For fans of CBS’ How I Met Your Mother, May has been a rough time. Because Mother is only a moderate success, it has to fight to find a spot on the network’s schedule. As a result, CBS waits until the very last minute to decide the series’ fate. Viewers are left to sweat it out, asking “Will the sitcom be renewed for another season?” Well, it looks like their luck is starting to change a bit.
Variety is reporting that Twentieth Century Fox Television has made syndication deals with local stations in several national markets. A separate deal for cable-exclusive rights will be decided in the coming months. Though Mother’s ratings have never been outstanding, the series is very attractive in the syndication market for a couple reasons. The audience typically skews younger and there aren’t too many sitcoms that will be offered in syndication in the near future. Though sitcoms aren’t in big demand in network primetime, they’re a big hit in syndication.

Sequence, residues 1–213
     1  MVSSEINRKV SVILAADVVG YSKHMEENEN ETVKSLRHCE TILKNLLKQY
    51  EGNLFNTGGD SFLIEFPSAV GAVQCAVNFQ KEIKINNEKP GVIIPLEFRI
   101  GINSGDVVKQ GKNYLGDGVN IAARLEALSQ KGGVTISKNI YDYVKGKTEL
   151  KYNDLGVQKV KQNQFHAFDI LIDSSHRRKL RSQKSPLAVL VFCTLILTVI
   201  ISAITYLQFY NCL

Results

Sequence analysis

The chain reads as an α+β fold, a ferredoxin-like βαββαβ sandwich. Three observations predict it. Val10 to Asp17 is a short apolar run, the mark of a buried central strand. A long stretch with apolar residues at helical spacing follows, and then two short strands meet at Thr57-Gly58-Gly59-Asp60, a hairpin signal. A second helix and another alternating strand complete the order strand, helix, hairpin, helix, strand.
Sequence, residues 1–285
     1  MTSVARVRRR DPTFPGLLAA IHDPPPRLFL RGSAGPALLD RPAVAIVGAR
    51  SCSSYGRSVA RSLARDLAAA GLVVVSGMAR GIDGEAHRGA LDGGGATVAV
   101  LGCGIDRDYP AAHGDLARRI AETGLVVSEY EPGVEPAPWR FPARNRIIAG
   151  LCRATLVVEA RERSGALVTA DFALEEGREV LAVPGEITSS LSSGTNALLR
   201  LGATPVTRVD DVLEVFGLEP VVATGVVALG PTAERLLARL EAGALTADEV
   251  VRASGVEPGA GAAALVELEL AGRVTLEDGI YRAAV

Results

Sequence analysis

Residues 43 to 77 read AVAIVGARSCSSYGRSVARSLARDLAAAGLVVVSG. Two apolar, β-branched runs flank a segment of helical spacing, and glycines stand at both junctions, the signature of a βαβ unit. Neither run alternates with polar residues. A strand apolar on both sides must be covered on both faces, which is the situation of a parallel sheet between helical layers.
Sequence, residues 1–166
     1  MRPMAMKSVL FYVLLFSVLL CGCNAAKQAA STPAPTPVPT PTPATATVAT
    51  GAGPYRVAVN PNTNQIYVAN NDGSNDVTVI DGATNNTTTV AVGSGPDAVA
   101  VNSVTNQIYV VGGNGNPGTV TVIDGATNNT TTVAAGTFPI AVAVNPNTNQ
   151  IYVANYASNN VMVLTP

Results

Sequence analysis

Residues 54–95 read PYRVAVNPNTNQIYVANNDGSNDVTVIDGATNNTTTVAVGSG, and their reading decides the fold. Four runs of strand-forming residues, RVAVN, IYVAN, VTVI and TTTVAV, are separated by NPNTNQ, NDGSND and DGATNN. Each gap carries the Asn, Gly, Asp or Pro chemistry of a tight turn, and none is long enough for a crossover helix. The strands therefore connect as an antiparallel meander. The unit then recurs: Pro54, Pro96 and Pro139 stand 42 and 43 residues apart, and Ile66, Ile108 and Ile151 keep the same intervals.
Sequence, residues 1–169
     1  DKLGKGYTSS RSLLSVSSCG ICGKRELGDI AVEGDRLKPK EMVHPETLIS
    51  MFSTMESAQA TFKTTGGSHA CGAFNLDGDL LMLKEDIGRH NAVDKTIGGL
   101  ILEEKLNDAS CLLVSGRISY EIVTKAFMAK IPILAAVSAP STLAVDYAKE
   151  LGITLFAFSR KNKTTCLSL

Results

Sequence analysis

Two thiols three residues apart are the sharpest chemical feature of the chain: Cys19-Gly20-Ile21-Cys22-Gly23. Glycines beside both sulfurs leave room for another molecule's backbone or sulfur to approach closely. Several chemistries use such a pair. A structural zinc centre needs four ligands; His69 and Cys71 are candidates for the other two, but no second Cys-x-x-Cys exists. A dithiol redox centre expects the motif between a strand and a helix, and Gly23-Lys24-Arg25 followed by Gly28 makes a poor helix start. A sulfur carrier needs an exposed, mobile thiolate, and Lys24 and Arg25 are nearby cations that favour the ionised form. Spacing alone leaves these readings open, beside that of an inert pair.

Though it’s nice that fans will be able to see the show five days a week, the great news becomes apparent when you read the “fine print” of the syndication agreements. Mother’sfour-year syndication contract stipulates that the studio will deliver 110 half-hour episodes in the year 2010. At the end of the fourth season (which kicks off on Monday), only 90 episodes will have been produced. That means that, under the syndication deal, the studio is obligated to deliver at least 20 more episodes, ensuring Mother will get a fifth season.
The profitable syndication market has come into play several times over the past couple years. Though their ratings aren’t great, ABC’s Scrubs and According to Jim were both renewed because they’re big moneymakers in syndication. A similar scenario could mean that Mother may continue past the fifth season. If the show goes for additional years, the local station contracts will be extended, ensuring the studio boatloads of more cash.
CBS doesn’t own Mother so there’s no guarantee that the network will renew the series next Spring. However, since Twentieth Century Fox Television is committed to making more episodes, they may give CBS a good deal on season five. If CBS doesn’t want it, the show could switch networks and would likely move over to the FOX network, a corporate sister of Twentieth Century Fox Television.
One way or the other, it looks like a sitcom that’s always been on the bubble is finally going to get a welcome bit of security.